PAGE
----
Where the team includes part-timers, permanent full-timers and contractors, resentments can build up. Contractors may be earning more money for doing the same work as their colleagues. Part-timers may (unwittingly) can feel like second class citizens.
Troubleshooting tip: Small details like the timing of meetings can cause friction. If there are regular team meetings, make sure they are not arranged on days when job-sharers are not working or at times when part-timers are not on the roster. Communication is essential to team success where people work different hours, and it is worth the extra effort to check that individuals are receiving information without delay.
Different Cultures and Religions
If several different cultures and religions are in the team, you will need great sensitivity to avoid unwitting discrimination. There may be strict requirements for religious observation, e.g. orthodox Jews. There may be particular ways of dressing or taboo behaviours such as shaking hands. The possibilities are enormous, and the key to success is to observe mutual respect and value other people’s differences.
Troubleshooting tip: work towards creating a team environment where people feel comfortable explaining aspects of their culture that differ from the mainstream. Cultural diversity is an endlessly fascinating area that should enrich everybody’s experiences rather than cause problems. Do not be afraid to ask individuals what they prefer to be called or describe aspects of their culture that affect how they work. People usually like it when you ask them, as they see it as a sign of respect.
Nine Steps For Creating Successful Multi-Cultural Teams
The five challenges identified above can be significant barriers to multicultural teams being effective in the workplace. So to help overcome these, we have set out below are nine proactive steps to avoiding or at least minimising their effects. These steps should, in particular, assist in what Morgan Henrie found in his work Multi-National Project Team Communications: International Cultural Influences, where multi-cultural teams tended to have lower power gradients and, in turn, better communication and delivery.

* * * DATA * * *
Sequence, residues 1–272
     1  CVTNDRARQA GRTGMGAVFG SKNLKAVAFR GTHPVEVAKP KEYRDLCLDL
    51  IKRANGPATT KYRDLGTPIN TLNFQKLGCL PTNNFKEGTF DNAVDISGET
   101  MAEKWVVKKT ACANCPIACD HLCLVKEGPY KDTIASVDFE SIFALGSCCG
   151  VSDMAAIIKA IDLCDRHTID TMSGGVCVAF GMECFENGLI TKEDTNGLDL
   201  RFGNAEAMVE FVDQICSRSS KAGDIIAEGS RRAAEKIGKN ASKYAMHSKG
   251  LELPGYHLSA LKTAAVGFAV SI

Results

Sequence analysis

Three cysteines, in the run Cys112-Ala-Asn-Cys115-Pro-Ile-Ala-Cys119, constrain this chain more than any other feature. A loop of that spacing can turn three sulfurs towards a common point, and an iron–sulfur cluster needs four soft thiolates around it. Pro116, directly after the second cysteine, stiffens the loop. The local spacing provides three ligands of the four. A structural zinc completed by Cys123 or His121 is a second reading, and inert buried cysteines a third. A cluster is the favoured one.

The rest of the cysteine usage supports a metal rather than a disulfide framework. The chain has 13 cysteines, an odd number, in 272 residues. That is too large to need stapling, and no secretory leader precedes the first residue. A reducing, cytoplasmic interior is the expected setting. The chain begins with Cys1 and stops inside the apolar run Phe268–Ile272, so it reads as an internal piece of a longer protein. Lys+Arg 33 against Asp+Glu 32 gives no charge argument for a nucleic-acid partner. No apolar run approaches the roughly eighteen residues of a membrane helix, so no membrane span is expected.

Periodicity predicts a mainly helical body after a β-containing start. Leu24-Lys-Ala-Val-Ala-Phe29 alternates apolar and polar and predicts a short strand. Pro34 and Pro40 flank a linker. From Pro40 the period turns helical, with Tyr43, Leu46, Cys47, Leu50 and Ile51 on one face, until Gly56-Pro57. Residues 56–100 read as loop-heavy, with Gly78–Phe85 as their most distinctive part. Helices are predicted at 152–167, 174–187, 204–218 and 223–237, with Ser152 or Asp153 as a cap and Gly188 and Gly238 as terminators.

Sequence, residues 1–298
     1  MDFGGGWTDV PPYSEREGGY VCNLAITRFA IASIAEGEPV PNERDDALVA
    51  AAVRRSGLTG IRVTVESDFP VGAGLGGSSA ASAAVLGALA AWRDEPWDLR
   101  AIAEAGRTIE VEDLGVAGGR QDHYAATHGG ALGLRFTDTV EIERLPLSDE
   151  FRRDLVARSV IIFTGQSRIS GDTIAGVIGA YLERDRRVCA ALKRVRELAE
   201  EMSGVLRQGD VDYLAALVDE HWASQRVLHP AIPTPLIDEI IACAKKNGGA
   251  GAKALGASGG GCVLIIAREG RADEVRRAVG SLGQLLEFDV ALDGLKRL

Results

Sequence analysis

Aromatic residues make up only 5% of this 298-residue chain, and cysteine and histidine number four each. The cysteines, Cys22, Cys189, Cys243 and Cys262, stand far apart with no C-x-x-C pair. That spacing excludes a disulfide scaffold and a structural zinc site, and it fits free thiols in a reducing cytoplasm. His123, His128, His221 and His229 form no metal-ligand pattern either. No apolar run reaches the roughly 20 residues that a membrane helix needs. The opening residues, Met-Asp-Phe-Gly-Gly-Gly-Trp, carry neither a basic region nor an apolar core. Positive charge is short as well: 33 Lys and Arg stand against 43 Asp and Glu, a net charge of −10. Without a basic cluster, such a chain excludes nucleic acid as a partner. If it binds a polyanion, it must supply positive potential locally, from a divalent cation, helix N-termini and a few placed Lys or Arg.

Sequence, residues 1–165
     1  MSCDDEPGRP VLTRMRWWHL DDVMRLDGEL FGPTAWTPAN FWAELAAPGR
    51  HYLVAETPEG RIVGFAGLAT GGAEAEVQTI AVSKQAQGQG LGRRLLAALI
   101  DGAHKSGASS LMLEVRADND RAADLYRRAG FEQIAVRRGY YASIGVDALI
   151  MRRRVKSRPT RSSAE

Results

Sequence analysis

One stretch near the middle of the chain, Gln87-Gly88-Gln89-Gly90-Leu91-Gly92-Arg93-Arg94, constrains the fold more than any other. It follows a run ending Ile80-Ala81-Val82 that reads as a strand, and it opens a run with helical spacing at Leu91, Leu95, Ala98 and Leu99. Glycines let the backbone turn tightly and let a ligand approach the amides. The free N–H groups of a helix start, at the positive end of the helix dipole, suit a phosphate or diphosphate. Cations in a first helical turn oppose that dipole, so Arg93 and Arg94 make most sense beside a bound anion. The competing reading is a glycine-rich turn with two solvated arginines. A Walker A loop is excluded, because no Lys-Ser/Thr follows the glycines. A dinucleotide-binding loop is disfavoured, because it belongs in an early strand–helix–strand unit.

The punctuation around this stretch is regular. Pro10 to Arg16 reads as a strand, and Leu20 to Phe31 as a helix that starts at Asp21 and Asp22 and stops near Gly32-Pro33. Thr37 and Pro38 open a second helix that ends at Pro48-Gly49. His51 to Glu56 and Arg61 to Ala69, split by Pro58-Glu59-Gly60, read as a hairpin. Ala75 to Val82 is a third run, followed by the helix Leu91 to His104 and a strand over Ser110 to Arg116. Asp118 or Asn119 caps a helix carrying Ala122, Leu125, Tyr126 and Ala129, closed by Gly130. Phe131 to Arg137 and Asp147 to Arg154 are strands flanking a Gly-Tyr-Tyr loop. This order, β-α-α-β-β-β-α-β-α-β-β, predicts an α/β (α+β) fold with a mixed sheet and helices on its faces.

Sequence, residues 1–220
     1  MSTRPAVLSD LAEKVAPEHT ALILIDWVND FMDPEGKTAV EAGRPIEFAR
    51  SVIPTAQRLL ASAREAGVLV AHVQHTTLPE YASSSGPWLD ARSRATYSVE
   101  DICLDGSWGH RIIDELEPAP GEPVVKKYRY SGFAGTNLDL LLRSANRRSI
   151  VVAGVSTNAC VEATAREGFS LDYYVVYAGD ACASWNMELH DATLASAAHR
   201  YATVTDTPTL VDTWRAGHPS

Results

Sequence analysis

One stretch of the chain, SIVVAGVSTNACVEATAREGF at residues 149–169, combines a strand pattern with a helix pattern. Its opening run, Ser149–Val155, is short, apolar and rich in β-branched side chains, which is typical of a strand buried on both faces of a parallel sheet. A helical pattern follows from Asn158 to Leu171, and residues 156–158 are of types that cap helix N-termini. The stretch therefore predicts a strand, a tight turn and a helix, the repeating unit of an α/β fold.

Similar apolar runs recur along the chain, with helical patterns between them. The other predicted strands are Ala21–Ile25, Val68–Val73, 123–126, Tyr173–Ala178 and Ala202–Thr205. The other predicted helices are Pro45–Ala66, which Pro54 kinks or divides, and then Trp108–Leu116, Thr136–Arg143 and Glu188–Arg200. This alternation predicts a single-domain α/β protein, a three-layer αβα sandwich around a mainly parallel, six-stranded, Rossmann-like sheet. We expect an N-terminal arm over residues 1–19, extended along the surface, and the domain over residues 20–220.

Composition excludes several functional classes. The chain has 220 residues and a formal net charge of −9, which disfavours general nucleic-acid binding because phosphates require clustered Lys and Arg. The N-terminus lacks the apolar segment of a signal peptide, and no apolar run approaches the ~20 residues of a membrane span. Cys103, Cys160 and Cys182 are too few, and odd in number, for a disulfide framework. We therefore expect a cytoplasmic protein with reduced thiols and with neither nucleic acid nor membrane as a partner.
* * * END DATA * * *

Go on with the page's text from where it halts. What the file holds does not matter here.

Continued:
- Think beyond the usual categories of ethnic minorities, sex and disability. Other factors include age, social background, sexual orientation, parents, part-timers are all significant factors affecting people’s behaviour;
- Value everybody’s contribution, mainly if they come from a different background to your own;
- Respect other people’s differences and remember that you are different to them as much as they are different.
- Challenge inappropriate language at the outset;
- Beware of the response “it was only a joke” – Employment Tribunals award large sums for unwanted racial and sexual banter;
- Take complaints of bullying and harassment seriously and treat individuals sympathetically;
- Set clear objectives for the team and ensure each member has a role;
- Where appropriate, keep people moving through roles to develop their skills and avoid cliques, and;
- Celebrate the success of team diversity.
In addition to our article today looking at the challenges multicultural teams can have in the workplace, we have several other articles looking at how we can make work teams more effective. If you are interested in the communication side, we have a piece that looks into this. Conflict is a natural part of work and teams, and we have an article that looks at how we can better manage this. Learning and development are critical at an individual and team level; we have another piece covering some of these vital issues. For those needing some help for those team meetings or workshops, we can help with icebreakers and energies. And if leadership teams are where you would like some more reading, check out our article here for guidance.